Alabama had the misfortune of meeting the hottest team in the nation last year in the college football playoffs.
Was Ohio State the best team? No, I don't think that. Were they the most talented? No, I don't believe that either. But, they were the best coached, playing their best football, when it mattered most. And, in a scenario that is growing increasingly familiar, the Tide fell flat and were left with excuses.
Most damning is that Kirby Smart polled the players after Ohio State won the game, particularly guys in the secondary, and the answer was unanimous: an already-shaky secondary just didn't have respect for what Cardale Jones could do.
Alabama defensive coordinator Kirby Smart asked three Tide veteran defensive backs — Landon Collins, Nick Perry and Jarrick Williams — the same question following Alabama's Sugar Bowl loss to Ohio State in January. "I said ... "Where did we go wrong? What did we do wrong?" Smart shared during a radio interview Monday on 680 The Fan in Atlanta.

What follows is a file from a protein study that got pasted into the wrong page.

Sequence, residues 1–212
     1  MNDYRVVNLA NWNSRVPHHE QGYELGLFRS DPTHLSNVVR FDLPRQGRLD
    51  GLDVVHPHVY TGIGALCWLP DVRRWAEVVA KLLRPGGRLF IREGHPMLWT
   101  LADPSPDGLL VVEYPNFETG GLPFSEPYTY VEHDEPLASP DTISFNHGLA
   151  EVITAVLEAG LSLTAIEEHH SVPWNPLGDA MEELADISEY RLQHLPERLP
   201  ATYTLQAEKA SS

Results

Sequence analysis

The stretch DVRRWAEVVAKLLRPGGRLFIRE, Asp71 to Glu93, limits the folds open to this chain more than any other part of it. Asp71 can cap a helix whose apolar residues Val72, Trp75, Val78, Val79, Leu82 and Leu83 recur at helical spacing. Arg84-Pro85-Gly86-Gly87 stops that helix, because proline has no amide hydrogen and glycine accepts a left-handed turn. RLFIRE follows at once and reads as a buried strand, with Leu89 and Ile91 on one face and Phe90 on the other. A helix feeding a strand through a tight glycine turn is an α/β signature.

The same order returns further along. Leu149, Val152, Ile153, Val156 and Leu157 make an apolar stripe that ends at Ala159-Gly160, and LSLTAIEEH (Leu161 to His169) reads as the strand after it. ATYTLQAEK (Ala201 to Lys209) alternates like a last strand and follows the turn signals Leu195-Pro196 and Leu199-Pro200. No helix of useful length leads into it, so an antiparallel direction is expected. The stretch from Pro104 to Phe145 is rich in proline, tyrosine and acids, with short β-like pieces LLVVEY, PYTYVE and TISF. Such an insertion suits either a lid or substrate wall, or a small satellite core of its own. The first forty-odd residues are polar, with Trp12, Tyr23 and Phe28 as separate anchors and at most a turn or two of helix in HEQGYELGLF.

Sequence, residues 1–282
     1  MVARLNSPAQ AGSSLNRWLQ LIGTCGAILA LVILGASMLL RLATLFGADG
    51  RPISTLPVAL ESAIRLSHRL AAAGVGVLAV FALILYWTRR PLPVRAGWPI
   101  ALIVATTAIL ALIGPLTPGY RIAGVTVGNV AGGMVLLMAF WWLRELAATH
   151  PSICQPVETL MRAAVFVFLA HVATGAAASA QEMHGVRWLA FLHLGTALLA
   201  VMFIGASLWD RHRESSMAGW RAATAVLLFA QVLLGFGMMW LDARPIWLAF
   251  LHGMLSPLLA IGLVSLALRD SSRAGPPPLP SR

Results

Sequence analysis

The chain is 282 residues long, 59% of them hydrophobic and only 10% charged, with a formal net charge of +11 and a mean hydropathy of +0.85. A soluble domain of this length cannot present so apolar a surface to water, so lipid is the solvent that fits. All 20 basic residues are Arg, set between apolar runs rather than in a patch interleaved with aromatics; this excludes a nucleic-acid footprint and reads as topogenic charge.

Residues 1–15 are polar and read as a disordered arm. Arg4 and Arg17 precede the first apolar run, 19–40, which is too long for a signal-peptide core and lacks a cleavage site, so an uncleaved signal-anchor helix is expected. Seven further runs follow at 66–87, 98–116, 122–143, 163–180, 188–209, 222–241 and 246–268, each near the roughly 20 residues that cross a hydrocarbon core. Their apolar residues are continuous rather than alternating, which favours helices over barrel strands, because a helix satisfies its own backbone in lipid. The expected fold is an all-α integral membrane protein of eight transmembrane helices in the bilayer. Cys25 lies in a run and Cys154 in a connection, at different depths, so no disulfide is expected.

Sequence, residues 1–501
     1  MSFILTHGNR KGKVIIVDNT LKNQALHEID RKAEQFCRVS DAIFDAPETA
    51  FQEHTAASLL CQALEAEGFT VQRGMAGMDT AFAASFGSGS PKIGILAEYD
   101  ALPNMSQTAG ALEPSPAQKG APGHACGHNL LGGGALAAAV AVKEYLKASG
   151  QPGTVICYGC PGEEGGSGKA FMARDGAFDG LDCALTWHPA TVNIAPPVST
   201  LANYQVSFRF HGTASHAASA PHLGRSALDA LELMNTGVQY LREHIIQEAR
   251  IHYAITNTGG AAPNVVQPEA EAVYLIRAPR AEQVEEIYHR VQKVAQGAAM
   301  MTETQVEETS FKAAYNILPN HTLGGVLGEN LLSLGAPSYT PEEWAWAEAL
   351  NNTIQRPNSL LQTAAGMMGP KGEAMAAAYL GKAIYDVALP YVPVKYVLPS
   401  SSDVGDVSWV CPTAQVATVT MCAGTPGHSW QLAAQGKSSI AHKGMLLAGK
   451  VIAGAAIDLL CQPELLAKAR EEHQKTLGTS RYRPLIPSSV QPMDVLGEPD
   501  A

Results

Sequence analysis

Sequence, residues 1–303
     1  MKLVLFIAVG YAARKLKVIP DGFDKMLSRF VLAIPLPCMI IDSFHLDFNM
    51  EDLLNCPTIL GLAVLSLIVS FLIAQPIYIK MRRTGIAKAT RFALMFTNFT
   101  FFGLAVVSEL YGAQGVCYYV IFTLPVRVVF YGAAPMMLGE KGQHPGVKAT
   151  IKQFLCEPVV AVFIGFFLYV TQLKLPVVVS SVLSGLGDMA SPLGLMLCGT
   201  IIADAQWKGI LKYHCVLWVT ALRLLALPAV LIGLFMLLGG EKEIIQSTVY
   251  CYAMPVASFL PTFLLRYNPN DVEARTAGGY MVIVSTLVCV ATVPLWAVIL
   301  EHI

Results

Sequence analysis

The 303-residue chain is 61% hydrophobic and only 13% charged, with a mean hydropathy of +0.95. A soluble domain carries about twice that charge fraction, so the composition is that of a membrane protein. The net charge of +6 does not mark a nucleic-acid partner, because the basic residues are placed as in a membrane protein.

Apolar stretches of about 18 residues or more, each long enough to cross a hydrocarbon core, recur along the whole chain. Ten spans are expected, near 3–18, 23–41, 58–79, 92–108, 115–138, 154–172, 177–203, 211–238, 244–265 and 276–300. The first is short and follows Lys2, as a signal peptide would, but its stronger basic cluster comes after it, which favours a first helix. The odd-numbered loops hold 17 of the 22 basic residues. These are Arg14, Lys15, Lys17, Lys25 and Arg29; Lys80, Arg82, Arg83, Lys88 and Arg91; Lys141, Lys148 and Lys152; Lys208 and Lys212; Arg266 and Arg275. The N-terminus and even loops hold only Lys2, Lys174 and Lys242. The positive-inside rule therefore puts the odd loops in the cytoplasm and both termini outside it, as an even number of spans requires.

"All three of them said they did not the respect the quarterback."
For a secondary that was lit up repeatedly deep with nothing more than a heave-and-a-prayer all season that is unconscionable. I'm not sure if it was scheme or arrogance or coaches not imparting to the players just how dangerous Jones' arm was, but that is unacceptable. Coach Smart makes clear that it is their job as coaches to actually make the players respect the opponent, but this is something we've seen far too often in bowl games under Nick Saban.
Worse, that excuse doesn't at all address where this game was won and lost: up front. Alabama had its way running the ball, as did Ohio State. One team went away from it and that team lost. Lane Kiffin has some difficult questions to answer as well.
Let's hope a chin-wag with Tom Herman actually screwed some folks' heads on straight.
we went directly to [Herman]. ... We said, 'Hey, we want to meet with you. You know us better than anybody. You spent four weeks getting ready for us. What's our tendencies? What do we do wrong? What do you think? And he was just honest with us. He told us what he thought, and it was very valuable for us."